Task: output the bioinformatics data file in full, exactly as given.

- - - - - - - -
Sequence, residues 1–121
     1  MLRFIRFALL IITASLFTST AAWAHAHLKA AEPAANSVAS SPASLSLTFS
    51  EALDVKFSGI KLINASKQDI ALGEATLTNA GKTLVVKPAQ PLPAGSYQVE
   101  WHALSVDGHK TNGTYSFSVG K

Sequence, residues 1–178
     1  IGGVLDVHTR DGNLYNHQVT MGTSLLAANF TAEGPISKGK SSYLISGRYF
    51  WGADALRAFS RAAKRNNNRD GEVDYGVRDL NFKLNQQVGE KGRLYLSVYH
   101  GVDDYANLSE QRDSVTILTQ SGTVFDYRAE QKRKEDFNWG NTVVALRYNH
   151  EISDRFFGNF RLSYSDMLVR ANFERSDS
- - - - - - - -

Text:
Sequence, residues 1–121
     1  MLRFIRFALL IITASLFTST AAWAHAHLKA AEPAANSVAS SPASLSLTFS
    51  EALDVKFSGI KLINASKQDI ALGEATLTNA GKTLVVKPAQ PLPAGSYQVE
   101  WHALSVDGHK TNGTYSFSVG K

Sequence, residues 1–178
     1  IGGVLDVHTR DGNLYNHQVT MGTSLLAANF TAEGPISKGK SSYLISGRYF
    51  WGADALRAFS RAAKRNNNRD GEVDYGVRDL NFKLNQQVGE KGRLYLSVYH
   101  GVDDYANLSE QRDSVTILTQ SGTVFDYRAE QKRKEDFNWG NTVVALRYNH
   151  EISDRFFGNF RLSYSDMLVR ANFERSDS